Candle making is easy, fun, and a great way to put you own twist on a fragrant décor piece.
Candle making is something I have always been curious about but the process of starting something new can always be intimidating. Especially when it comes to something I have not tried before. But I do like a challenge, so I thought, why not make some candles.
There were two types of candles that I wanted to try making. One was inside of a glass jar while the other was a free more candle that was removed from the mold entirely. The glass jar candle is much easier to make but all the candles turned out fantastic!
For this project, I gathered the following supplies:
- Cylindrical Silicone Mold + Vegetable Oil, for freestanding candles
- 4 Glass Jars plus lids, for in jar candles
- 4 wicks
- Painter Tape
- 9 cups plain Wax
- Red and Green wax coloring
- Vanilla and Peppermint Extract
The colors and extracts are optional depending on what aesthetic and smells that you prefer. Vanilla is a standby classic.
Prepping the containers
Before I started to work with the wax, I wanted to make sure my containers were in tip top shape! This meant cleaning any extra gunk off the glass jars and lining the silicone molds.
For the glass jars, I had to do two different steps to clean off the jars. One of them was perfect. Two of them still had the label stuck to the sides, and the last one was covered with paint. I used an adhesive remover for labels and a paint thinner to remove the paint.
The adhesive removed well with a little bit of scrubbing. The paint peeled right off which was really interesting because then I had weird paint discs. But at the end, I had four perfectly clean jars!
For the silicone molds, I used an oil spray to line the mold. I did not do this for the first mold and had a very difficult time getting the candle out of the mold at the end. The oil allows for the candle to slip out a bit easier so I would highly recommend using it
Melting the Wax
To start making the candles, first you need to melt the wax. I used a flake wax to start. I found that each 8-ounce jar needs about a cup and a half of raw materials. I also was not shy about adding more raw material in the middle of the process.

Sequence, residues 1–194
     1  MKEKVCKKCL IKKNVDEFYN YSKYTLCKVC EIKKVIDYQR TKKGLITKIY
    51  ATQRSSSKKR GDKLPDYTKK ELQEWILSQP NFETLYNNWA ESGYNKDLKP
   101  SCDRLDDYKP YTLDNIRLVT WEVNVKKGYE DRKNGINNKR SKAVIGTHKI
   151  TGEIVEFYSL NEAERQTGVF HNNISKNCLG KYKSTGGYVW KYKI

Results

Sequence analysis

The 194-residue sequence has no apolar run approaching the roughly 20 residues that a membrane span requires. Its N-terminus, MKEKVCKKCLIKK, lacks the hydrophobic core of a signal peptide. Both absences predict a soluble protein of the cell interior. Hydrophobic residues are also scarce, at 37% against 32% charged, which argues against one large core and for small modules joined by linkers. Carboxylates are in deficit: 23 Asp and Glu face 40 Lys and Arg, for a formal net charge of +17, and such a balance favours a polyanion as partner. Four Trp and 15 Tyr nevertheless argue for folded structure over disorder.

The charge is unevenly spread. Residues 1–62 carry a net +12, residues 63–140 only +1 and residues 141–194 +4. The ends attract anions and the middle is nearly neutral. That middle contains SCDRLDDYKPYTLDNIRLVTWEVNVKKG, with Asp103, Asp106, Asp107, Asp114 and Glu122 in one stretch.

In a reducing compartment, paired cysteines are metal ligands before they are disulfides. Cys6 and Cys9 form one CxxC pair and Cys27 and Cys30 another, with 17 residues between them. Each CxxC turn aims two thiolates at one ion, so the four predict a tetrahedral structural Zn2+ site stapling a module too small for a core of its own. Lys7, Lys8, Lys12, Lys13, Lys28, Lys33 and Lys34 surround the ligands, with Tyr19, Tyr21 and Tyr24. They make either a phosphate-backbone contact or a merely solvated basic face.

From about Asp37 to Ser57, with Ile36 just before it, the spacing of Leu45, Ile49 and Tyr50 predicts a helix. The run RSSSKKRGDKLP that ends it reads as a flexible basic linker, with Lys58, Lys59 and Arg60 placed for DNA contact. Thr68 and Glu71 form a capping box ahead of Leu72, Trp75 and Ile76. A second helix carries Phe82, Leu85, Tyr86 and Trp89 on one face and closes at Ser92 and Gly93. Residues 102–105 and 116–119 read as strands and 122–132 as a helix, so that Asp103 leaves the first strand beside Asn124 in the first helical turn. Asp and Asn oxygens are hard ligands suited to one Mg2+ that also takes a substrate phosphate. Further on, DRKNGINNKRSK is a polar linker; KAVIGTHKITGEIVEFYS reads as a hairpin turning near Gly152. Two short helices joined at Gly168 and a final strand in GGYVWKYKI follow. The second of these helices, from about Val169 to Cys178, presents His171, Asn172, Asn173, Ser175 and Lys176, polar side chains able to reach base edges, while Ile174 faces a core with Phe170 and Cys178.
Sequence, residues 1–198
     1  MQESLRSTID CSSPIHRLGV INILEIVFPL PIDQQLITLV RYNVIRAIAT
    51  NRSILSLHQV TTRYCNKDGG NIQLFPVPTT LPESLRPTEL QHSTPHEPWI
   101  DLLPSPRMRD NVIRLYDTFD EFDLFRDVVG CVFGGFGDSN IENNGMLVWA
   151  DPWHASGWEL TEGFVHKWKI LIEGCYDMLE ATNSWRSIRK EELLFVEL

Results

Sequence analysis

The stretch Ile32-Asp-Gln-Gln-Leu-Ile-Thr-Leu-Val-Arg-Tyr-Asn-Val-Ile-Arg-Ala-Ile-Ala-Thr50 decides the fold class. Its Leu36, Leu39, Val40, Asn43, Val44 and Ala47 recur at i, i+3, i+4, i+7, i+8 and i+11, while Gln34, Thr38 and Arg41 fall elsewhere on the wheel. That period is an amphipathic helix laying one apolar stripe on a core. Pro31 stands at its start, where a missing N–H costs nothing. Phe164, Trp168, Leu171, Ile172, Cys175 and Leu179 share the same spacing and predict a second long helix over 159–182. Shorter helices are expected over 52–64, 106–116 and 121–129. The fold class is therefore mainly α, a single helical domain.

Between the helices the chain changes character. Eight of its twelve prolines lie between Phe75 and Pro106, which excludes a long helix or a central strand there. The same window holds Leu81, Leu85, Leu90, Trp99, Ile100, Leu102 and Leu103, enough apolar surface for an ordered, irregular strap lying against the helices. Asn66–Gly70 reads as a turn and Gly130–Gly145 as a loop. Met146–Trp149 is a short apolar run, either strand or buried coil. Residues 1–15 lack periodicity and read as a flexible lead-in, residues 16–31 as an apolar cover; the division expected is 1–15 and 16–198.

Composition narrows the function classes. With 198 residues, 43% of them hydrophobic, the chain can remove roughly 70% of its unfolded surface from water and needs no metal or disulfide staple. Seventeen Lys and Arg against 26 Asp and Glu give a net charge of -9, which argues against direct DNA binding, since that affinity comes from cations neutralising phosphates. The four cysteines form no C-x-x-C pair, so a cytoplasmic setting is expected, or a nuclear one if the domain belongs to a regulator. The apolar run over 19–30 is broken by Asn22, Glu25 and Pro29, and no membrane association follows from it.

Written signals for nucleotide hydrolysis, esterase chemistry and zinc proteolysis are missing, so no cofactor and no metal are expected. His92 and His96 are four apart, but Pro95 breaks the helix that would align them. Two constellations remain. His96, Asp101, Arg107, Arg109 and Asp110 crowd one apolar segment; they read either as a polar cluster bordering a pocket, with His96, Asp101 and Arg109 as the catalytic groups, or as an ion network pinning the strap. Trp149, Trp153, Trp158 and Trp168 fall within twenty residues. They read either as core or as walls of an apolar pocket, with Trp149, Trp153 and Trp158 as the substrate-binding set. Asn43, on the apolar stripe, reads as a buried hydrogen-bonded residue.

To melt the wax, I like using a double broiler situation because it helps control the heat and prevents the wax from burning. Burnt wax is not please. Would not recommend.
I also added in some coloring specifically made for using with wax. The material does need to melt in the wax. I like adding it early because it gives more time for the color to melt and doesn’t cause the wax to overcook.
Then I removed the wax from the heat and added in a tablespoon of extract. This is not an exact science. More extract equal more powerful smells. That’s all I got. Just add what feels good to you! Stir in the extract to make it evenly permeate throughout the wax mixture.
Setting The Wicks
While the wax is melting, take some time to set the wick. I like using painter tape to help position the wick at the top of the jar. The painter tape was stretch across the opening with small hole place in the center of the tape to thread the wick through.
I tried to attach the bottom of the wick to the jar, but it was always successful. I would dip the bottom end of the wick into the wax and set it against the bottom of the jar. The wax, being a small quantity, dries quickly and (typically) sticks to the bottom of the jar.
This helps center the bottom and the top of the candle. Although the bottom anchor can become a little looser after the wax is poured making the top anchor very important.
pouring and waiting
The last step for making candles is pouring the wax into the jars and, or molds. This can be a little messy so I would recommend putting something under the pour area that can absorb the wax. I like to fill up the jar to bottom of the top rim.
After pouring the wax, I readjusted the wick if it was needed to make sure the positioning was right. Then it was time to wait. And wait. It took the candles about 12 hours to fully cool and hardened but then it was ready to be enjoyed!
I enjoyed making candles. There were some surprises throughout the process, mainly the color and scent, but it was a super easy process that created a pleasant solution. For the candles that were made in the mold (i.e., freestanding), I am curious what would happen if they were carved of sculpted. The question is if they would hold up well.
the changes in color
The one thing that caught me off guard was the color change as the wax solidified. Somewhere in the boiling, I forgot that the wax was white and not clear. So just think about that when adding in colors. How much red is needed to get it truly red? Well, I only put in enough to make it a light pink.
There is a lot more to color mixing than I expected. This is something I want to do more experimenting with as it feels like an artform. And you have to put in a lot of effort to get an artform just right.
Intro to Candle Making
- Painters Tape
- Cylindrical Silicone Mold & Vegetable Oil for freestanding Candles
- 4 Glass Jars for in-jar candles
- 4 Wicks
- 9 Cups Plain Wax
- Red and Green Wax Coloring or any desired colors
- Vanilla and Peppermint Extract or any desired scents
- Clean jars as desired or, if using a silicone mold, spray generously with vegetable oil
- Using a double broiler, melt the wax and any additional color until no flakes remain. Remove from heat and stir in any extracts or essences for scent.
- While the wax is melting, dip the bottom end of the wick into the wax and secure in place to the bottom of the vessel. Use tape or other setting tools to secure the top of the wick.
- Pour into the desired vessel (glass jar or silicone mold). Allow to cool and harden completely. If using a silicone mold, remove the candle from the mold.
- Cut the wick as needed.